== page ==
Many people who suffer depression are rather ashamed of it. They think they ought to be able to pull themselves out of it by prayer and will power, and when their efforts just make things worse they get still more depressed and ashamed.’ Gonville ffrench-Beytagh begins his simple, non-technical and refreshingly honest short work with these words. He was an Anglican priest who himself suffered from depression, for which he underwent psychiatric treatment. Without attempting to undervalue the real suffering which any form of depression brings, he describes his attempts to deal with the experience and the unexpected enrichment which it brought to him.
LENGTH: 11 pages
Many are ashamed of depression, thinking it can be overcome by sheer willpower and prayer. An Anglican priest tells of his own depression and the unexpected enrichment it brought to him.
3 in stock
140 x 210 mm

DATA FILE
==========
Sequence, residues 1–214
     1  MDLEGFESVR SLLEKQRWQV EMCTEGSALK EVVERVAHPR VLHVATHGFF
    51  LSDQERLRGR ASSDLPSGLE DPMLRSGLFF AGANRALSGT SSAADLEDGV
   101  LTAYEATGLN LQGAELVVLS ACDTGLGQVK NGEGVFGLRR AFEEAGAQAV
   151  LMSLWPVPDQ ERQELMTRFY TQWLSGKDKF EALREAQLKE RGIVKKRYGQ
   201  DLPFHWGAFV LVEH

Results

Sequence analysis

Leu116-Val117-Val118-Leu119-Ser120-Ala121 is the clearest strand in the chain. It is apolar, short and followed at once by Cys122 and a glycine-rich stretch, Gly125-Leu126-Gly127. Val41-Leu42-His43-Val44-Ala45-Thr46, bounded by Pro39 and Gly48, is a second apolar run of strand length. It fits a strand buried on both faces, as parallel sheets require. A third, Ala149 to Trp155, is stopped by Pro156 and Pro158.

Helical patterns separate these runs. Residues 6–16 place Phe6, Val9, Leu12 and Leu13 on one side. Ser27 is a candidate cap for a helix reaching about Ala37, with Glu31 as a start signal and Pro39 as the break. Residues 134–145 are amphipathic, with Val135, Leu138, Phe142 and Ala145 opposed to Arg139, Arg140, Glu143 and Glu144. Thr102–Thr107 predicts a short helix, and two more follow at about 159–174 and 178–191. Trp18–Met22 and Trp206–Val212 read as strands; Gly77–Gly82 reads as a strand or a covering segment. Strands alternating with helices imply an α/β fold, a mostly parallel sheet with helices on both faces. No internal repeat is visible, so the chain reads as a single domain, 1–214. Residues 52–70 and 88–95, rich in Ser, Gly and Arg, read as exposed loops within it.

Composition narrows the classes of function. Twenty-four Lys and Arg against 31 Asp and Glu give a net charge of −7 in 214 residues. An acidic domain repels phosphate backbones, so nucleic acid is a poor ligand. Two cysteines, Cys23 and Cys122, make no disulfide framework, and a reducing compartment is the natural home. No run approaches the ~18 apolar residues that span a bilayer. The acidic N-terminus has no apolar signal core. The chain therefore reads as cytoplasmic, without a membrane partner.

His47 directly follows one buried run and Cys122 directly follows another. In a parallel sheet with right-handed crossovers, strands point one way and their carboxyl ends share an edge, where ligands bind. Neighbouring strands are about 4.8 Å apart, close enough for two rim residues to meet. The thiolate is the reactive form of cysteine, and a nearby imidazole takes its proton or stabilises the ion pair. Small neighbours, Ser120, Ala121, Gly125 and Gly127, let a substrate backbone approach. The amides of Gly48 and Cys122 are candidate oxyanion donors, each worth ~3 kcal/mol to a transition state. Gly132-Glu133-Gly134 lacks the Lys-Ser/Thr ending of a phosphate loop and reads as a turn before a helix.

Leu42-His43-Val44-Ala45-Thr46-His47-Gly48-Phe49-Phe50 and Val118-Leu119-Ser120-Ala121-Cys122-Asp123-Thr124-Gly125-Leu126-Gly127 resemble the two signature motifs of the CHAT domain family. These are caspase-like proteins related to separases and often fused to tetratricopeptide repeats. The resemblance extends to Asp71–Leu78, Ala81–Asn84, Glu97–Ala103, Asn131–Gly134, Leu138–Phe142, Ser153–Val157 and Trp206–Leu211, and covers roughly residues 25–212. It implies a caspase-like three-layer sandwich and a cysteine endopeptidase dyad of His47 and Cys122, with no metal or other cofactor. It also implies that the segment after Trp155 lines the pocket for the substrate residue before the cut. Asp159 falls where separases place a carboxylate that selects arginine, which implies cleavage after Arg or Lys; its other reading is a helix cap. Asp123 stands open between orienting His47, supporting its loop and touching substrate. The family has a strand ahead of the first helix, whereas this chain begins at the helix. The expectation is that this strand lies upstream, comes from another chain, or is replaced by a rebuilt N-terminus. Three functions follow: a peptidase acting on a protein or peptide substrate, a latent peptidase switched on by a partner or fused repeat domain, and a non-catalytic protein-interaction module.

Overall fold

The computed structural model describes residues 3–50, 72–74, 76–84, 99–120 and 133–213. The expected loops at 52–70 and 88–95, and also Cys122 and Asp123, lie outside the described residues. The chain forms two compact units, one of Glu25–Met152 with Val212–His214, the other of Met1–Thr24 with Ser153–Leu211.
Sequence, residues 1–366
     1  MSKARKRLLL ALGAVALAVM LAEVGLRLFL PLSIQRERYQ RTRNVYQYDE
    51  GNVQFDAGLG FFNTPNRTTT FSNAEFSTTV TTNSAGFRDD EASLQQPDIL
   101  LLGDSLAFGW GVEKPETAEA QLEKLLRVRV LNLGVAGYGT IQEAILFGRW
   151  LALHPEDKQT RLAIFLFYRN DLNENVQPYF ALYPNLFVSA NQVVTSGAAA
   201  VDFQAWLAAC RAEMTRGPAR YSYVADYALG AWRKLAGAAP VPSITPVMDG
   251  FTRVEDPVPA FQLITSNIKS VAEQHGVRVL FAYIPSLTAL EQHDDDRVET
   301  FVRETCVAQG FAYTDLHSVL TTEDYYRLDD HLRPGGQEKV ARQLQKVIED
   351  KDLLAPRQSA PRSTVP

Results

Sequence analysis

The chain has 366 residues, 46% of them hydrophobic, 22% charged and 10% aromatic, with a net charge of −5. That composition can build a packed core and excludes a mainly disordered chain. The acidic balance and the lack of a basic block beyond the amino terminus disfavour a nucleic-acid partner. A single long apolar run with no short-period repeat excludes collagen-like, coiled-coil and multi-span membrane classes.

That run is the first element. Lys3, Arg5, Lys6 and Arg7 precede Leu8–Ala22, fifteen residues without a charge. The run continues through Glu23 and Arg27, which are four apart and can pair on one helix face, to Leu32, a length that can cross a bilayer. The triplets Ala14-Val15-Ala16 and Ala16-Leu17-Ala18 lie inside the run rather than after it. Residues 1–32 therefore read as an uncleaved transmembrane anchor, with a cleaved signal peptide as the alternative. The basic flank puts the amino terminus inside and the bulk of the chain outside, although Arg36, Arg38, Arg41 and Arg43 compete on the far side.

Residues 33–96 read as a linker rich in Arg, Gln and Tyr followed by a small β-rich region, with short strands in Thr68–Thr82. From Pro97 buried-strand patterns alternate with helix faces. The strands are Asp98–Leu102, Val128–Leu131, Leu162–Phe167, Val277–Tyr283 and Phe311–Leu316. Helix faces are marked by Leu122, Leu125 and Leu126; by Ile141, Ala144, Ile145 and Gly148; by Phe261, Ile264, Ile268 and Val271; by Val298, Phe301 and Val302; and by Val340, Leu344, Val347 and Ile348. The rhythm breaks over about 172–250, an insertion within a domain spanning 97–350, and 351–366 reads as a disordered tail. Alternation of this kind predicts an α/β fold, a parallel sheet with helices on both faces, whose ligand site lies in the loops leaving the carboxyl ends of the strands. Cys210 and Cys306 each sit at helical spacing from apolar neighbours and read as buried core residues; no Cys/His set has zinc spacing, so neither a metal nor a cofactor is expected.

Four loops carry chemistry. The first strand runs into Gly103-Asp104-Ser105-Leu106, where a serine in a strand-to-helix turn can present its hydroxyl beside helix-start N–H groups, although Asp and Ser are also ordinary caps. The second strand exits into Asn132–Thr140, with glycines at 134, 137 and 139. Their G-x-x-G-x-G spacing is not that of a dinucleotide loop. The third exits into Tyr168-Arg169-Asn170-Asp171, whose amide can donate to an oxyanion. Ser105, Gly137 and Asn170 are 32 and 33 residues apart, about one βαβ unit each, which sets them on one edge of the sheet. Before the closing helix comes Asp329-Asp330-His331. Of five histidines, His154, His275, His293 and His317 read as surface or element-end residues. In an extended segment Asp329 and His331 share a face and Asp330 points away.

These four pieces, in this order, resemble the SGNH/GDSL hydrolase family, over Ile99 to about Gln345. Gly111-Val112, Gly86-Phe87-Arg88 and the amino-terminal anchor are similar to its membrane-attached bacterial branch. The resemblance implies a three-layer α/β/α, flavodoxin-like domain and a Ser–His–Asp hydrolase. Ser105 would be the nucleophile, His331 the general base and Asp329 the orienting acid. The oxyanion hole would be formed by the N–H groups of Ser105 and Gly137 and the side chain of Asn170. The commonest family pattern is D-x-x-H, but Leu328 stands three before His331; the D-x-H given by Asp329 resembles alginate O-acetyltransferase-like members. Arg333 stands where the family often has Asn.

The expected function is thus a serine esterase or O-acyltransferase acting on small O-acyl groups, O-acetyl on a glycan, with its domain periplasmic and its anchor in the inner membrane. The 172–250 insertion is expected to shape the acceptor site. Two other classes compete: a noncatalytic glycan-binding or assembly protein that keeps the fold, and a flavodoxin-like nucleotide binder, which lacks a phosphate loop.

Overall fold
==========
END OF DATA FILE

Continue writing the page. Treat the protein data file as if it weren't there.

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Gonville ffrench-Beytagh (1912-91) spent much of his life in South Africa, becoming Dean of Salisbury (Harare) and later Johannesburg. He opposed apartheid, which led to his imprisonment in 1971-2 and subsequent exile to England, where he spent the last years of his life. He was also a respected preacher, spiritual director and author, whose works include ‘Encountering Darkness’, an account of his imprisonment, and ‘Facing Depression’, the latter also published by SLG Press.
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